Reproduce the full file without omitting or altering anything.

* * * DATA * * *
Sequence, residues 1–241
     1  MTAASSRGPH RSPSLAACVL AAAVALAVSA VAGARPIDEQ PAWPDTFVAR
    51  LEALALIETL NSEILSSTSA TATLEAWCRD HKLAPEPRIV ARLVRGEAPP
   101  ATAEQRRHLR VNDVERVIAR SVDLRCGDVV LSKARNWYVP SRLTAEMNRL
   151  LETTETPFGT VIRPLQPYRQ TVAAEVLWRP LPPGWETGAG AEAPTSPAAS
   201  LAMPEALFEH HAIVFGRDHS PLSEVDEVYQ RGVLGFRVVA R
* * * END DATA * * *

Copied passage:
Sequence, residues 1–241
     1  MTAASSRGPH RSPSLAACVL AAAVALAVSA VAGARPIDEQ PAWPDTFVAR
    51  LEALALIETL NSEILSSTSA TATLEAWCRD HKLAPEPRIV ARLVRGEAPP
   101  ATAEQRRHLR VNDVERVIAR SVDLRCGDVV LSKARNWYVP SRLTAEMNRL
   151  LETTETPFGT VIRPLQPYRQ TVAAEVLWRP LPPGWETGAG AEAPTSPAAS
   201  LAMPEALFEH HAIVFGRDHS PLSEVDEVYQ RGVLGFRVVA R